Is it time to get out of the milk business? It may surprise you, but I am positively convinced the answer is YES!
Now, we don’t need to completely abandon the fluid milk business, but we must certainly diversify. That means diversifying into the snack food and refreshment businesses, the after-dinner cordial crowd, the mid-morning pick-me-up trade and the energy drink business. Really, the list goes on and on.
Several years ago as the editor of a dairy processor magazine, I received a shipment of root beer flavored milk. It was a new product being launched by a cooperative in the Northeast. The co-op marketers—and I use the term "marketers" loosely—wanted my opinion on their new product.
It was a remarkable beverage. Rich, full-flavored, refreshing and not too heavy on the calories. In my opinion there was, however, one problem: The name: root beer-flavored milk. So I devised a test.
On the 12th floor, I filled sampling glasses and cruised the hallways offering my colleagues "root beer flavored milk". Most turned up their noses and kept writing.
On the 14th floor, I offered my colleagues a drinkable root beer float—20 of 22 colleagues tried my beverage offering. Even more impressive: 18 of the 20 declared it the best new product I’d shared in two years.
There is something to be said in how we market products. You’ll note that the fizzy dark brown liquid featured in commercials is not called artificially flavored, artificially colored, artificially carbonated water.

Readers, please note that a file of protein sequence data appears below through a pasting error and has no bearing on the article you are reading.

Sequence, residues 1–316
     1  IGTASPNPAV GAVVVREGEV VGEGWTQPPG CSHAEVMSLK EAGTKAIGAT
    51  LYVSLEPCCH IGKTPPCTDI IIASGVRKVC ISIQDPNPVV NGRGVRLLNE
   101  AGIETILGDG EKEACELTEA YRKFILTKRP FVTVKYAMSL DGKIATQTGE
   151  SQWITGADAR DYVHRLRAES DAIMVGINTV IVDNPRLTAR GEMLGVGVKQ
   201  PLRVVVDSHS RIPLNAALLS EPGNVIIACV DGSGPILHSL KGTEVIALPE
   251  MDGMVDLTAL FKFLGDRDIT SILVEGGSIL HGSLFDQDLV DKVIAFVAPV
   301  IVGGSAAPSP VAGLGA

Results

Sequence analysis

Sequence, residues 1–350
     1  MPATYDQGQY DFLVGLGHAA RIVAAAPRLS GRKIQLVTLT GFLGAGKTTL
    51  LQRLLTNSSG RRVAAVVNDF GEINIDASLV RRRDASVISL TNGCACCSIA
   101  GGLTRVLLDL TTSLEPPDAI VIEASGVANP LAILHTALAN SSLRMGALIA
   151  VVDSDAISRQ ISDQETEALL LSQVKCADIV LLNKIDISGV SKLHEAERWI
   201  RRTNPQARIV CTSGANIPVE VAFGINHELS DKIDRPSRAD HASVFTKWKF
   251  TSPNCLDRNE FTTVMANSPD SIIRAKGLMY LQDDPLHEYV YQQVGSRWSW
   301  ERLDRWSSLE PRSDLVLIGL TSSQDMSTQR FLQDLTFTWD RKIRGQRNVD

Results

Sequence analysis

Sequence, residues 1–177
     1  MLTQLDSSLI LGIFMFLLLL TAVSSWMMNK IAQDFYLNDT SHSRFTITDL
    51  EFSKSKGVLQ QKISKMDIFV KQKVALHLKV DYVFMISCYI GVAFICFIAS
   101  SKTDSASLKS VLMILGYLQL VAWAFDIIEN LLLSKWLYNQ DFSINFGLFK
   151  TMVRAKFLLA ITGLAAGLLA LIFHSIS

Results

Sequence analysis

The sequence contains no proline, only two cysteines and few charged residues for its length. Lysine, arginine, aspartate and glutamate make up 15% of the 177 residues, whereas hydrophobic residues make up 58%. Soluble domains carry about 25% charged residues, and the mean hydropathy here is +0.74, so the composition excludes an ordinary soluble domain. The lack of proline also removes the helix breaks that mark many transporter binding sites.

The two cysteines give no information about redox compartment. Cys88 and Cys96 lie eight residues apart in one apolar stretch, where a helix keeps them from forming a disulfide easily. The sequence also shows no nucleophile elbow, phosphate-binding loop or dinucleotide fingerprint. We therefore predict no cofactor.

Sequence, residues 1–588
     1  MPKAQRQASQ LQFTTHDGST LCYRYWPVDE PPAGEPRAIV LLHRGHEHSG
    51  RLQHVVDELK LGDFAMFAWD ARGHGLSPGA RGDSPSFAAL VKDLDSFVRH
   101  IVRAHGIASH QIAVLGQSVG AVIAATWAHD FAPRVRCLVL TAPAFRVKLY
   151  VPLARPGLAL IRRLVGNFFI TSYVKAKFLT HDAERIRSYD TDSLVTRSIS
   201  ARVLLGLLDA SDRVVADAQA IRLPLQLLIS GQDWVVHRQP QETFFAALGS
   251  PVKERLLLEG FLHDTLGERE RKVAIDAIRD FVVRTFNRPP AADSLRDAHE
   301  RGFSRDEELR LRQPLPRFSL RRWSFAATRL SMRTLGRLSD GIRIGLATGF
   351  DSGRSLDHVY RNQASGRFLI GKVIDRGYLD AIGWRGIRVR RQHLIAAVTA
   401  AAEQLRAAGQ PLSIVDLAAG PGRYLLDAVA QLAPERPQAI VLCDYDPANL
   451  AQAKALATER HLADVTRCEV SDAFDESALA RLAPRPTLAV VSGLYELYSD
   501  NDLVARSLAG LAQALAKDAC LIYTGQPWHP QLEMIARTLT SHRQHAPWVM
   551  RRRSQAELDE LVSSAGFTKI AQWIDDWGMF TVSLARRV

It is called Coca-Cola. In the same vein, it is not root beer-flavored milk. It is not even milk, because we are no longer in the milk business. In fact, it is a root beer float. A Dad’s Old Fashion Root Beer Float. Remember, we are in the refreshment business.
Alas, there seem to be so many opportunities, yet so little time. Starbuck’s created Frappuccinos, packaged the beverage in a glass bottle, stored it at room temperature and used reconstituted milk. It hasn’t done much for the bottom line of milk producers, but Starbuck’s is smiling all the way to the bank.
Why haven’t dairy processors formulated a dozen frap knockoffs using fresh milk that is lactose-reduced so less sugar (or no sugar) needs to be added, add natural flavors and then license it under a Starbuck’s competitor? Such a product would certainly appeal to people looking for a mid-morning pick-me-up.
In my opinion, we have a poster child for my argument in a product called Core Power. The product website introduction says it all: "A delicious post workout recovery drink for your active lifestyle, Core Power is a real milk protein drink made from fresh, lowfat, lactose-free milk and real honey. Its optimum protein to carb ratio and nutrient-rich profile make for the perfect last stage of
every workout. From endurance sports and bodybuilding to pilates and yoga, Core Power helps you
recover faster, build lean muscle and stay at the top of your game. No matter which game you happen to play."
It’s time to get out of the milk business. Here’s to Core Power and more root beer floats.